I gave my long term career little thought. I knew how happy I was in residency and in an academic environment and wanted continual challenge in my professional life. I maintained an almost single minded interest in oncology and remembered hearing Dr. Willet Whitmore talk about training "cutting surgeons". I wanted to be one of those (a phrase which at the time described almost all surgeons-something a little different from today). I applied for and was accepted for fellowship at Memorial Sloan Kettering Cancer Center and was off for New York.
Again, I enjoyed my friendship with the other fellows and was inspired by Dr. Whitmore and Dr. Harry Grabstald. I was also trained by two other young (at the time!) faculty who have become important life long friends, Pram Sogani and Harry Herr. Most fellows spent two years at Memorial and I found New York fascinating and Memorial a great place to be. I also felt quite confident in my clinical and surgical skills, though, and ready to move on, or, perhaps, back. Dick Middleton offered me a job at the University of Utah. There were not many details beyond that-no salary discussion, no description of job responsibilities, no promises. I did not need any. I trusted him implicitly and joined the University of Utah faculty.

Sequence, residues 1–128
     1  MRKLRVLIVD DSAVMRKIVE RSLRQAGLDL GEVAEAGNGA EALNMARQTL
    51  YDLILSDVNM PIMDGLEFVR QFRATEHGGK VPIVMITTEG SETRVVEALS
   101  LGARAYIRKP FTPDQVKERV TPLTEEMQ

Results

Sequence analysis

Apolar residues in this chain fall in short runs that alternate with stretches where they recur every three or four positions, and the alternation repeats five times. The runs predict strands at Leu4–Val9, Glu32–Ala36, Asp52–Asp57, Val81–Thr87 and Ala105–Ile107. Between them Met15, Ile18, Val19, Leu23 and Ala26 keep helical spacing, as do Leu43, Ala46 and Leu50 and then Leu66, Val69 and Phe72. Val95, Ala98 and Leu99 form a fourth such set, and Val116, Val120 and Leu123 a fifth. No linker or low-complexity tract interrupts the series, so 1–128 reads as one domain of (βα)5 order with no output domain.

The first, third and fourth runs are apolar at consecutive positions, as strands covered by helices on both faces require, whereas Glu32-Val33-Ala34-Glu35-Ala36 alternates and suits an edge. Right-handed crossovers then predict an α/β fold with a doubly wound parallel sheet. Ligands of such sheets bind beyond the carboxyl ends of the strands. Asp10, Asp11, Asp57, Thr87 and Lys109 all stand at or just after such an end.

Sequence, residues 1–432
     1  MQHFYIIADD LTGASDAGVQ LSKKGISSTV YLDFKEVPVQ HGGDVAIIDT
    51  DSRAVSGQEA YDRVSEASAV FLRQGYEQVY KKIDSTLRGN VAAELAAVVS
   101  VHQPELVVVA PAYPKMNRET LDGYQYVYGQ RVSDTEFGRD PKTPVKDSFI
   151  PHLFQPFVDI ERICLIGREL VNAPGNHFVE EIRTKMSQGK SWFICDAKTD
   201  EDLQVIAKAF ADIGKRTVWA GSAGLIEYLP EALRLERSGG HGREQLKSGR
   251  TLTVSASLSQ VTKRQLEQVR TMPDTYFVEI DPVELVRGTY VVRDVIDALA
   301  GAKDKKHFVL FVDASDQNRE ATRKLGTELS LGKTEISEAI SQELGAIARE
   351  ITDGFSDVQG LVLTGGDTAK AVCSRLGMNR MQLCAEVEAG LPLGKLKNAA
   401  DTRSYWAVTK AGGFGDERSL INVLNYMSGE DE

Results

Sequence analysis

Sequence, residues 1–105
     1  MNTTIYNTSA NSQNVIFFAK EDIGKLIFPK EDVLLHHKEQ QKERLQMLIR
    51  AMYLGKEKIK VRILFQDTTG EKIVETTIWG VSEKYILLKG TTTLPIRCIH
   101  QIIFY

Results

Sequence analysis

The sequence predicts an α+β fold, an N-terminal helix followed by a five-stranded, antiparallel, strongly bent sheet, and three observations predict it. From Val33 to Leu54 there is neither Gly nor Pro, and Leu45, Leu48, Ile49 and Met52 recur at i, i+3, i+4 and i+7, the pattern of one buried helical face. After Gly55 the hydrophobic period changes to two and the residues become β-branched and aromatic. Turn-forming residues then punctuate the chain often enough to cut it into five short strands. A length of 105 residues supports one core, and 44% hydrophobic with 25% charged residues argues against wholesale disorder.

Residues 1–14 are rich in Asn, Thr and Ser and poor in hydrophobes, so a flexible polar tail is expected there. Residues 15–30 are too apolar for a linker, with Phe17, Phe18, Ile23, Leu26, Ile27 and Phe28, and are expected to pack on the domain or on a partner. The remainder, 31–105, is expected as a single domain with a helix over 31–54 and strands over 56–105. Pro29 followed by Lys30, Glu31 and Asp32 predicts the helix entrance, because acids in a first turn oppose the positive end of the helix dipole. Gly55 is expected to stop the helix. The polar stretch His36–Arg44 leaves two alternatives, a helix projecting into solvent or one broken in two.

I very quickly developed a robust surgical practice and was performing a large number of complex urologic cancer cases. Medical writing always came rather easily for me and I enjoyed studying our surgical results and producing scientific publications. I had an early interest in continent reconstruction after cystectomy and accumulated one of the largest US series of modified Camey ileal neobladders.